Simultaneous mechanical and light microscopic studies of collagen fibers
- Cite this article as:
- Viidik, A. Z. Anat. Entwickl. Gesch. (1972) 136: 204. doi:10.1007/BF00519178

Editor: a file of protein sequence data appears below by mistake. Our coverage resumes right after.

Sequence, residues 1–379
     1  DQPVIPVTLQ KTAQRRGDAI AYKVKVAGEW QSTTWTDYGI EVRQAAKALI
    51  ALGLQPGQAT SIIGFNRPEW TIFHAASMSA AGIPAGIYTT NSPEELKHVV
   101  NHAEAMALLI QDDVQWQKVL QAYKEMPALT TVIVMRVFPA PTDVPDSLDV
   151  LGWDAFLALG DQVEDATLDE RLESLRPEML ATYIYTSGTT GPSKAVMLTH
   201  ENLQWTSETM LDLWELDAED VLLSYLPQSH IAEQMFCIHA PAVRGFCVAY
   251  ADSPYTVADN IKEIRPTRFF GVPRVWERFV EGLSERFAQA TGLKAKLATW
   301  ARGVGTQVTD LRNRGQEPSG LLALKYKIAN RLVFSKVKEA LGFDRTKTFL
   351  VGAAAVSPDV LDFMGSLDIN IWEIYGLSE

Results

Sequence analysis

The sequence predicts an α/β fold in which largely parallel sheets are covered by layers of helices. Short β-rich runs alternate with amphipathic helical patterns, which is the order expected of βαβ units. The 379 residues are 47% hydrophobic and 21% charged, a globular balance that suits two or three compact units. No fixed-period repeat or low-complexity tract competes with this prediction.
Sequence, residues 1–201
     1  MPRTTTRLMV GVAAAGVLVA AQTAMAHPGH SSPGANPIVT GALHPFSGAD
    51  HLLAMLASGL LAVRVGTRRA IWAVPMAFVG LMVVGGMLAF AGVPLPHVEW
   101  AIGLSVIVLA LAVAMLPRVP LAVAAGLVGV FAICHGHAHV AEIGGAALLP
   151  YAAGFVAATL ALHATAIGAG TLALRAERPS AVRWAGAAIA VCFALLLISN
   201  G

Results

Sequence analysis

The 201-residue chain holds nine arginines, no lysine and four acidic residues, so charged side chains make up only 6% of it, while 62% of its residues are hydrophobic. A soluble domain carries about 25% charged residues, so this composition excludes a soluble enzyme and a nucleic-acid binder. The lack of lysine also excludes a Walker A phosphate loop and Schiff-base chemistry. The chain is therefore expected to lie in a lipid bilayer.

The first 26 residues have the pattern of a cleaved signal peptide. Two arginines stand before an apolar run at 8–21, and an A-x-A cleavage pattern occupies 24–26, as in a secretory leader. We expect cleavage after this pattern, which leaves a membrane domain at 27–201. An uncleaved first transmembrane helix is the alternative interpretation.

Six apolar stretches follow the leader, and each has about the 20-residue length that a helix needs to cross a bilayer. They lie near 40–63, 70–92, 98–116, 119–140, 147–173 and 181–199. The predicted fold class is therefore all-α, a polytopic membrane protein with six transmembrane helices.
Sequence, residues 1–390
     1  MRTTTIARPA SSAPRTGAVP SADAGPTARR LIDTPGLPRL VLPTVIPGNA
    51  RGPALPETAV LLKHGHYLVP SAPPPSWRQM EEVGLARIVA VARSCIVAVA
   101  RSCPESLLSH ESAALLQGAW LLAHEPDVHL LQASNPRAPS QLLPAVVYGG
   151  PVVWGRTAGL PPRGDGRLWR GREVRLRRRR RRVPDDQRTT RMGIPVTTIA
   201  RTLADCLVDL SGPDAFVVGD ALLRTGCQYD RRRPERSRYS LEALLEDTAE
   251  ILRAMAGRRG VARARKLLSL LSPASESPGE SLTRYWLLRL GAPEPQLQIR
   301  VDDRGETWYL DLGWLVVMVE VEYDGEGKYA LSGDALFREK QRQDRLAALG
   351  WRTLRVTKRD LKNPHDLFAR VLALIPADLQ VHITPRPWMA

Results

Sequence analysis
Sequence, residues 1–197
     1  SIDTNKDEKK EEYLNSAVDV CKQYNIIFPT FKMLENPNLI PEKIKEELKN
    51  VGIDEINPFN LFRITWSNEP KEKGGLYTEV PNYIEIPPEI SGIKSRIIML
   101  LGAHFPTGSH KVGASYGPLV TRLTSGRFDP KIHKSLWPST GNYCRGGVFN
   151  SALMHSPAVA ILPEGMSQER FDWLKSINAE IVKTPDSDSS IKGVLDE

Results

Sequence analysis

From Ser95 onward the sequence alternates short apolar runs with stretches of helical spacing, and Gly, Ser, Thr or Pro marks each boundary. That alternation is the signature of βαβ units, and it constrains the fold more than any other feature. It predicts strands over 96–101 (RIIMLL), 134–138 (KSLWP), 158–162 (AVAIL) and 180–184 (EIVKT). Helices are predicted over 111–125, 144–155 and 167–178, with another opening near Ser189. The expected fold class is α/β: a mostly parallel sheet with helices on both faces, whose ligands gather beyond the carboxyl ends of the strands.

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An apparatus that enables simultaneous stress-strain recording and morphological observation in incidental light microscopy of a specimen surface during tensile loading is described. Results from experiments on parallel-fibred collagenous specimens (tendons) are reported and variations between behavior during the first tensile loading cycle and those in the steady-state cycles (when the plasticity and irreversible viscosity are exhausted) are described. It is found that the “toe” part of the stress-strain curve is longer from a morphological point of view than can be mechanically measured, which means that the waviness of the collagenous bundles is diminished before any measurable load is applied. The steady state means an even longer such “toe” part and a better parallel arrangement of the fibers but the waviness in the relaxed specimen cannot be disturbed by repeated loadings. The functional range of a tendon is also discussed as are the phenomenon of spraining and the possibility of pre-stress.